• Uses UDP
    • Combines authentication and authorization
    • Intended for user access control
    • Encrypts only the password in the access-request packet, form the client to the server. The remainder of the packet is unecrypted
  2. TACACS+
    • Encrypts the entire body of the packet but leaves a standard TACACS+ header. Within the header is a field that indicates whether the body is encrypted or not
    • Provides two methods to control the authorization of router commands on a per-user or per-group basis and is suitable for device management
    • Uses TCP
    • Seperates authentication, authorization, and accounting
  3. Which AAA protocol is recommended for controlling Cisco devices and why?
    TACACS+ is the right one, because of per-command control (command authorization) access to the device. RADIUS is not suitable due to one-time transfer of authorization information at initial authentication only.
  4. Why a security tool like Cisco Access Control Server is a essential especially in a large enterprise network?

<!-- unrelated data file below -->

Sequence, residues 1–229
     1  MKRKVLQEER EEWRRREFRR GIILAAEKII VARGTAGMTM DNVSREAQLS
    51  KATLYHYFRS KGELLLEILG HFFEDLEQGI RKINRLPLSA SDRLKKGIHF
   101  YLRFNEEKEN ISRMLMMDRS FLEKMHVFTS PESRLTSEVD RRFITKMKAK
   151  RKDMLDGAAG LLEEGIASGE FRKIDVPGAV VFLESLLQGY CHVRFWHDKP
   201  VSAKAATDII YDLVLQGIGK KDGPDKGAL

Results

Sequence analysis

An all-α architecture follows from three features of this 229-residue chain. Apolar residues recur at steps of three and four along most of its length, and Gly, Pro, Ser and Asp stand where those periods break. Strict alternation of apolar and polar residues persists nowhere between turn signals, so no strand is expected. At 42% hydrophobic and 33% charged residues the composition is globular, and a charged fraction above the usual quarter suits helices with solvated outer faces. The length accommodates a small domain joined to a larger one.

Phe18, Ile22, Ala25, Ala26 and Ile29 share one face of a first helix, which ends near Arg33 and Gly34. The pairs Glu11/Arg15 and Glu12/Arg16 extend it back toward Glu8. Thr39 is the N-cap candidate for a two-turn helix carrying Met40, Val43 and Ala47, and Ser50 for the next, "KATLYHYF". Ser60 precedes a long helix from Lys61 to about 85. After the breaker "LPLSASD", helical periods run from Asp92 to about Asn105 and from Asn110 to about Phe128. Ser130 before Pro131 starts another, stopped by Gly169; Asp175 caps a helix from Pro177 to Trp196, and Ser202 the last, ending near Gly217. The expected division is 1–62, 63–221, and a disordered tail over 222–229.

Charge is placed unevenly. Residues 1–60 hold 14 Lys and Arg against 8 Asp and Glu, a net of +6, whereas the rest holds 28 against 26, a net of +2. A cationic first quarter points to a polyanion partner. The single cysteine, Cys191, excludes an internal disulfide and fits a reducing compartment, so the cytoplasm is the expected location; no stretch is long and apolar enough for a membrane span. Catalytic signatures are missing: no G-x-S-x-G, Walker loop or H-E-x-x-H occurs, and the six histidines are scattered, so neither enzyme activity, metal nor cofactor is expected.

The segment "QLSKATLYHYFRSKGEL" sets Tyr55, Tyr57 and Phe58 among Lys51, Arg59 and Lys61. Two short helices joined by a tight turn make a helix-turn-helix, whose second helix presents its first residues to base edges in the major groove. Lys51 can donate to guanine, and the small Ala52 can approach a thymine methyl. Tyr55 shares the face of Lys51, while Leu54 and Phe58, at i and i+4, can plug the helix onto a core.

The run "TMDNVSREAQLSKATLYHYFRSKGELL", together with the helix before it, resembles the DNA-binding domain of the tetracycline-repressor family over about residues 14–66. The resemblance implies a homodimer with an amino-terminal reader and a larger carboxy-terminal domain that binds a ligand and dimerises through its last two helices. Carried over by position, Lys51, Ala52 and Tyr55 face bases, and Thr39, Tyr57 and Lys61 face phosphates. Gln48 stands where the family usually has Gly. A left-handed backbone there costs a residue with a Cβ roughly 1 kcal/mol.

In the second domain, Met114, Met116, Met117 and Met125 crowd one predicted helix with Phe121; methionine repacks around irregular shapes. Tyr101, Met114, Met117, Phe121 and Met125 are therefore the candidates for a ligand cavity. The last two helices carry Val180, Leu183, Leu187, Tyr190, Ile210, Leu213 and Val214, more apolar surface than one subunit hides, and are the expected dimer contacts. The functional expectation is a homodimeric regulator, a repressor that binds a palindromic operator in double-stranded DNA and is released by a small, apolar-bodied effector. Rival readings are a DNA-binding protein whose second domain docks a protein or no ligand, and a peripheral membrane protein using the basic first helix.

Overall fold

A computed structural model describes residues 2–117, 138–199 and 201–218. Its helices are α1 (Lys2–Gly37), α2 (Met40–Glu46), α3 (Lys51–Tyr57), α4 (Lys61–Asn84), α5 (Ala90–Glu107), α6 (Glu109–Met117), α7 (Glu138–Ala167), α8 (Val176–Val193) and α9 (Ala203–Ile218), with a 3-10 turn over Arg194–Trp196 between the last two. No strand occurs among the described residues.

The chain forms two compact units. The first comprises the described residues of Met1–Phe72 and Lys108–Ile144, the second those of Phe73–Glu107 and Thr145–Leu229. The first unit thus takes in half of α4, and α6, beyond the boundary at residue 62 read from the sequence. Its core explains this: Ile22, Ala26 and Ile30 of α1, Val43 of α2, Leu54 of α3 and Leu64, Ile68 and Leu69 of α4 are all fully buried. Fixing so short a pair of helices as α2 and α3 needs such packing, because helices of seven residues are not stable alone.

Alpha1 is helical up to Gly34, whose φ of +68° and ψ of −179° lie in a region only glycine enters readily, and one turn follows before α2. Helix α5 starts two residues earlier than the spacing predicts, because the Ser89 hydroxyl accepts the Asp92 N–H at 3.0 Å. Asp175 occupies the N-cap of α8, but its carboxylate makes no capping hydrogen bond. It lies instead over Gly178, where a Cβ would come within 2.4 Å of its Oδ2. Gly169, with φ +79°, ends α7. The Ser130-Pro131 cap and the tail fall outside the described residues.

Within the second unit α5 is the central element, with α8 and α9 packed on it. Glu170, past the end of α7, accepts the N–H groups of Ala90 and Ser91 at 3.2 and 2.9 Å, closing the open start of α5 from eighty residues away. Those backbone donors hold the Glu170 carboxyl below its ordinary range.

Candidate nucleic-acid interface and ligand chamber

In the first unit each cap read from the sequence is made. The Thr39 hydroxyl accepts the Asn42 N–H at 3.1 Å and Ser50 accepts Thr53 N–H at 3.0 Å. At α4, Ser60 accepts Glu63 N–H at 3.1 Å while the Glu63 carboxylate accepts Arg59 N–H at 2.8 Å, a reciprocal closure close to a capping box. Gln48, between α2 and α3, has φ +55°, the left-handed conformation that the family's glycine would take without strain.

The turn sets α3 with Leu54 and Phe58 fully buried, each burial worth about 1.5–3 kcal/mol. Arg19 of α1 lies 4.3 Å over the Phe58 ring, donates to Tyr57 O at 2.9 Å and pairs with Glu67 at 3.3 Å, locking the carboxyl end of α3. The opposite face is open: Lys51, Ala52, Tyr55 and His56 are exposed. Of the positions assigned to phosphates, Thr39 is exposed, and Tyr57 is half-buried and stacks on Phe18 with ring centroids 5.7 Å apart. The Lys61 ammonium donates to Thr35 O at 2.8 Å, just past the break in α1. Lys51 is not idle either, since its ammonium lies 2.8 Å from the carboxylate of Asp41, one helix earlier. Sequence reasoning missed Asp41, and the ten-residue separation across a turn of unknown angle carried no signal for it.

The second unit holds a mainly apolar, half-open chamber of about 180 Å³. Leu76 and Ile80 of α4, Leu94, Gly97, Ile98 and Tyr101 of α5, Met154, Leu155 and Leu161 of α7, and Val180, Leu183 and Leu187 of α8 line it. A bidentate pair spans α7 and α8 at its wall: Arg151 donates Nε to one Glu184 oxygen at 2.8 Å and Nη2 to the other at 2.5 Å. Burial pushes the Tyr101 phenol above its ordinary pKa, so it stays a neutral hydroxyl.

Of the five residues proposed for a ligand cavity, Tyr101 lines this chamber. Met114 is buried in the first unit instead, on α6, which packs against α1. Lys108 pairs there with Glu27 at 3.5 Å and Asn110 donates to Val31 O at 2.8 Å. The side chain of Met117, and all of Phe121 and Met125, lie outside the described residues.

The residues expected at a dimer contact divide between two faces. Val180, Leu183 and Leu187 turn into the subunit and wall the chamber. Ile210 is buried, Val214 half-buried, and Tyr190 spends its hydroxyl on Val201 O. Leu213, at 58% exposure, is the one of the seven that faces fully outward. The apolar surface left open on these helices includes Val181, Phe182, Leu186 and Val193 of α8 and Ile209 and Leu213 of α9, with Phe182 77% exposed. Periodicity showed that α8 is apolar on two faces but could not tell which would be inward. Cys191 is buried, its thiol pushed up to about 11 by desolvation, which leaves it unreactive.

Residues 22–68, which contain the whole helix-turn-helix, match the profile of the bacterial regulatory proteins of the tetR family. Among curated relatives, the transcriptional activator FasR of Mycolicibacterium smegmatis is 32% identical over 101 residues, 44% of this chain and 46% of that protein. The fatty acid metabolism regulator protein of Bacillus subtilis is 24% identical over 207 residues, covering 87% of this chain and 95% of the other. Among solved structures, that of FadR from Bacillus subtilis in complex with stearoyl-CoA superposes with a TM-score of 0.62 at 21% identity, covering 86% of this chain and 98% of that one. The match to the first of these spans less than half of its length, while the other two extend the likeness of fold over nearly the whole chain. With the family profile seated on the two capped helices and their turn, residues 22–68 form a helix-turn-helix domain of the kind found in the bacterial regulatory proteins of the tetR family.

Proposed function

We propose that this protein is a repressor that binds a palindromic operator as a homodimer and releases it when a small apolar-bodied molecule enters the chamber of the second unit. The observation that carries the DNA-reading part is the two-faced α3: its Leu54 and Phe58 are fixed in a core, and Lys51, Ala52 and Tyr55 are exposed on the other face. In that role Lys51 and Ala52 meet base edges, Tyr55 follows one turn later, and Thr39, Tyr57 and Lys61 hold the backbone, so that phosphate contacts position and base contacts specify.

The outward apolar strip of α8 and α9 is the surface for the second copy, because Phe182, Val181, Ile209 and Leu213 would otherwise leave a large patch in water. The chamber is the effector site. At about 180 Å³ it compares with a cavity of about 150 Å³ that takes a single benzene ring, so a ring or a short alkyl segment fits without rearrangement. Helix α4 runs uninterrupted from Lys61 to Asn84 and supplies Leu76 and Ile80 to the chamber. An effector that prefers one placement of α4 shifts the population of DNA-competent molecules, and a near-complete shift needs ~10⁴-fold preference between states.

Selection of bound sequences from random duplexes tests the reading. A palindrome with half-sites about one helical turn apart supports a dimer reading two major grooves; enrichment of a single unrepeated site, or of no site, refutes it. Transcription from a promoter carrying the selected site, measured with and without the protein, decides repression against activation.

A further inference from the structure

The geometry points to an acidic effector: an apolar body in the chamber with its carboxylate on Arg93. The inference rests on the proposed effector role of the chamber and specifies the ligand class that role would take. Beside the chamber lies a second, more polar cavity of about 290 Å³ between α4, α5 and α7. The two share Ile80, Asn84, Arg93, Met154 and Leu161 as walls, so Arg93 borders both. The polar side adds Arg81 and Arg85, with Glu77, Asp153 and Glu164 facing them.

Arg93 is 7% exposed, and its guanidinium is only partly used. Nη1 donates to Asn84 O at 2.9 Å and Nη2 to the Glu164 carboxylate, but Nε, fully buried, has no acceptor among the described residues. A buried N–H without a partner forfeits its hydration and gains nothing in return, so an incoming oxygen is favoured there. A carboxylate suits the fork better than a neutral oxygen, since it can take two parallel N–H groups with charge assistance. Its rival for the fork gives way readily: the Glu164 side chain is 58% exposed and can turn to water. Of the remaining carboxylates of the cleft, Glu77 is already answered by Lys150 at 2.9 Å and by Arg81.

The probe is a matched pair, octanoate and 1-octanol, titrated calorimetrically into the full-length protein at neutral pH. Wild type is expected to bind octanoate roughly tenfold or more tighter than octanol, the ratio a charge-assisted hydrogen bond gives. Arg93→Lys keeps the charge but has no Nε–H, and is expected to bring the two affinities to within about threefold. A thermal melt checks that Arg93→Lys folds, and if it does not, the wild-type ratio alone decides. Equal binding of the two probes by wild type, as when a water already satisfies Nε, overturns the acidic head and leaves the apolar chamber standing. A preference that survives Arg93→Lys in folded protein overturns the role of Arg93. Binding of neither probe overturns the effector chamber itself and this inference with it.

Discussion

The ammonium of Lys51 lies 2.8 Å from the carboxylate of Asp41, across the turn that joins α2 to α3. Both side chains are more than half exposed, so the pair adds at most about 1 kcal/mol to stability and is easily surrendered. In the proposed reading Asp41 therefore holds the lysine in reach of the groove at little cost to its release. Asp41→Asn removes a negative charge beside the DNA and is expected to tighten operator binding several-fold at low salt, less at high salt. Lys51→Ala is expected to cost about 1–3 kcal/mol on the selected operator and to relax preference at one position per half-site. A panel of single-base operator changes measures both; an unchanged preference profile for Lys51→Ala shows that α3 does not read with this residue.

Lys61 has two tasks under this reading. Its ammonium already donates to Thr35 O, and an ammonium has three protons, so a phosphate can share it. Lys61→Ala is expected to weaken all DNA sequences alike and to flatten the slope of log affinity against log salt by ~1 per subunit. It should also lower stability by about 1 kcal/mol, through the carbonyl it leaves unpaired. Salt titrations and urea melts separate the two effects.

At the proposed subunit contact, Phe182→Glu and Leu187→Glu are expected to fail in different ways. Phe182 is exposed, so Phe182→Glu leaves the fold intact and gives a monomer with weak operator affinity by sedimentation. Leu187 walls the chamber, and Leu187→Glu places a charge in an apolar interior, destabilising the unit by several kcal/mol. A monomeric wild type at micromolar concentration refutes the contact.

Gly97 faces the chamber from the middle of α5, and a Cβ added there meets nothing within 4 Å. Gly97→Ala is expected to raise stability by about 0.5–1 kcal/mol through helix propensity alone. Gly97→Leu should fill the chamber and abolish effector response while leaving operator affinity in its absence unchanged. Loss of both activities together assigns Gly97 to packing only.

In large networks, many devices require a lot of network administrators with verying levels of access, Cisco Secure ACS allows a centralized database where administrator accounts can be managed at single location.
  5. When configuring AAA, why is a method list used? Give an example.
    • In the example, where AAA Server failed, authentication goes by locally configured user-ID/password
    • Example: AAA authentication login mymethod group tacacs+ local enable
  6. List the steps to configure Cisco's routers to support AAA. Identify those steps that are optional and those that are required.
    • Enable AAA - aaa new-model
    • Create local user account - username localadmin password cisco
    • Identify the AAA Server Host IP and secret key password
    • Specify to use loopback interface as source for TACACS+ - ip tacacs+ source-interface loopback 0
    • Specify Authentication(Required) - Refer to 5.
    • Authorization/Accounting as optional
Card Set
Network Management Tutorial 5